I get it, there are a ton of stereotypes regarding the fans of Lovecraft, and honestly, I’ve never attended more than one convention-styled event, in a guy’s basement, filled with some of the stereotypes described in his book. The problem was that this book comes across as an angry “letter to the editor” about the fandom, his dislike of the conventions, and the people that he’s been stuck at his author booths talking to. As if he wrote this on a grumpier day in his career.
The last page of the book, the Acknowledgements, even states “First I must thank Jeremy Lassen, whose desire for one more Mythos novel from me inspired this book. He will never ask again, clearly.” And then he ends it with “As it turns out, writing a novel is a lonely business.”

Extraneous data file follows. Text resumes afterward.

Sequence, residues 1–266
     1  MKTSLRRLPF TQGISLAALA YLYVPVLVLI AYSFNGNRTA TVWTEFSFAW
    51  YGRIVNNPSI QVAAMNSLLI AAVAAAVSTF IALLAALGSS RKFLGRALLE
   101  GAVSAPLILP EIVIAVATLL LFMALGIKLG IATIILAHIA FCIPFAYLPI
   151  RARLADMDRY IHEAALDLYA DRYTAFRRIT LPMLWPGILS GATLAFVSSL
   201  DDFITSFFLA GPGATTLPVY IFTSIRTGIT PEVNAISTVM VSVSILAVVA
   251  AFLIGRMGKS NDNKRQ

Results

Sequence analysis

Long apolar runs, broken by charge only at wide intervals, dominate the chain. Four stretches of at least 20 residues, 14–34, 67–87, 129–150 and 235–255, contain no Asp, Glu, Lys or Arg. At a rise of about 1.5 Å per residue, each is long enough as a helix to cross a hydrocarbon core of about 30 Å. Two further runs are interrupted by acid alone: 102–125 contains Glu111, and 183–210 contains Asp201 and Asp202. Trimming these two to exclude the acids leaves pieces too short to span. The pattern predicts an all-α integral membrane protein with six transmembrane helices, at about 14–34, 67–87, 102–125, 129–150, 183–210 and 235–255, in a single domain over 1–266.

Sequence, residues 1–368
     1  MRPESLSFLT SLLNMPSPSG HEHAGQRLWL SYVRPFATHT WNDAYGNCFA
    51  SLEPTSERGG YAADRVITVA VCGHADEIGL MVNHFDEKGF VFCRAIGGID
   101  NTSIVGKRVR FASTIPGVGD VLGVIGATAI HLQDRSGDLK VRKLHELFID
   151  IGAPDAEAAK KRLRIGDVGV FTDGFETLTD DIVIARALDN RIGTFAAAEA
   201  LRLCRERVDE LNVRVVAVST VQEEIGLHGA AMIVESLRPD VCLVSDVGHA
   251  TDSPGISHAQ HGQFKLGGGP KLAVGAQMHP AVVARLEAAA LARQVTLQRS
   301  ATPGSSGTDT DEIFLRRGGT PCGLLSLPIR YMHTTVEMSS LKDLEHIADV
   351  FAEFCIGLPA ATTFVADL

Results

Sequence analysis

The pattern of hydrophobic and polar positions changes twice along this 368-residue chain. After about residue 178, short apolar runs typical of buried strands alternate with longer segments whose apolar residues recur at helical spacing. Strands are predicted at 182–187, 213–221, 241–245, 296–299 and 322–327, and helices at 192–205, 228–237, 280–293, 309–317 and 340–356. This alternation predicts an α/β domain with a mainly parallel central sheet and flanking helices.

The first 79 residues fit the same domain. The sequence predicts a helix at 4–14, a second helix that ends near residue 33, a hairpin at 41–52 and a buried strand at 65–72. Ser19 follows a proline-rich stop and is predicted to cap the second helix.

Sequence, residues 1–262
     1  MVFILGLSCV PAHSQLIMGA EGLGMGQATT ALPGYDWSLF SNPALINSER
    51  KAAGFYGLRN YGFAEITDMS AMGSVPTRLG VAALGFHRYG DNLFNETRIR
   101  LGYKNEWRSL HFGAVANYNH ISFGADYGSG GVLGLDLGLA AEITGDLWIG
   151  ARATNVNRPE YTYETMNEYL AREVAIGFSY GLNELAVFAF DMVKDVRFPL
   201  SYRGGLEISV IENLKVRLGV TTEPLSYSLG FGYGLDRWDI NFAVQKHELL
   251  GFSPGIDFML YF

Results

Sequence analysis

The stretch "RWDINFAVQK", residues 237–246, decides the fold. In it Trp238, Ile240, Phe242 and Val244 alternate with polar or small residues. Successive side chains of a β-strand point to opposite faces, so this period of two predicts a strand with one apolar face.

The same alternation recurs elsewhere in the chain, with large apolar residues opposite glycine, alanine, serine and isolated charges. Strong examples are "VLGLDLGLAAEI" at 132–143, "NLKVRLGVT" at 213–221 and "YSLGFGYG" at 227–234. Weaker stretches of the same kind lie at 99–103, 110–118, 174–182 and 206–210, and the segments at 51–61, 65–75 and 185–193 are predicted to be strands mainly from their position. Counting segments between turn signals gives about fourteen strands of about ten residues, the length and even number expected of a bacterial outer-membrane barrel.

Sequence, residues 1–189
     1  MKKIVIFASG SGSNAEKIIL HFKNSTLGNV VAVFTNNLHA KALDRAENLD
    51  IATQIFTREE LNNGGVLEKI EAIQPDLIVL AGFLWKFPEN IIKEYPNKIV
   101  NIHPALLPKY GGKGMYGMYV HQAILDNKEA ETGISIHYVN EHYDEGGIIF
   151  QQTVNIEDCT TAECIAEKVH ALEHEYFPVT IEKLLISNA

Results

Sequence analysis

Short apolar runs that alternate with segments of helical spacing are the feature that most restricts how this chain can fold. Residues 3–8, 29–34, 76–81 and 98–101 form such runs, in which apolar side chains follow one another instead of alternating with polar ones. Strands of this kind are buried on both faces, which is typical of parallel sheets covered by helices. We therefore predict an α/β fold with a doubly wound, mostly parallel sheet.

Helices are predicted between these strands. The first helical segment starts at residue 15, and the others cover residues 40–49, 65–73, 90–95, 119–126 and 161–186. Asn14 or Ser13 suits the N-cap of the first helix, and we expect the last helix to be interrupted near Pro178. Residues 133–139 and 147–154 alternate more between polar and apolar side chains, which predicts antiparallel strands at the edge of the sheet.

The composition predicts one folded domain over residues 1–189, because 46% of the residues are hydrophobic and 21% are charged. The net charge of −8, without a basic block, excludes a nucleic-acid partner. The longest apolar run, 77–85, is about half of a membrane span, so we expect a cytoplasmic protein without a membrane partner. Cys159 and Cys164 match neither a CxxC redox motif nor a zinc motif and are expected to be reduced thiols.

Wow, that’s just bleak as Hell.
But the plot for the murder mystery was great. There’s a great story in this book and for that alone I think this novel deserved praise. Mamatas obviously wanted to put forth a good story.
It’s just unfortunate that his good story got mired in his hate letter to his fans.
Happy New Year!
I graduated college on December 22, 2007. On December 31, 2007, I uprooted my entire life in New York and was putting a key into my new apartment in Marion, Iowa by January 1st, 2008.
To commemorate my decade anniversary as an Iowan, I dug up old Facebook posts.
A lot has happened since these old posts. A lot. As I enter into 2018, I can’t help but be excited for what life will throw at me in the next decade. I’m happier now than I have been in my entire life and am married to the most wonderful person I have ever met. Iowa has brought me happiness this last 10 years. I’m so excited for it to continue.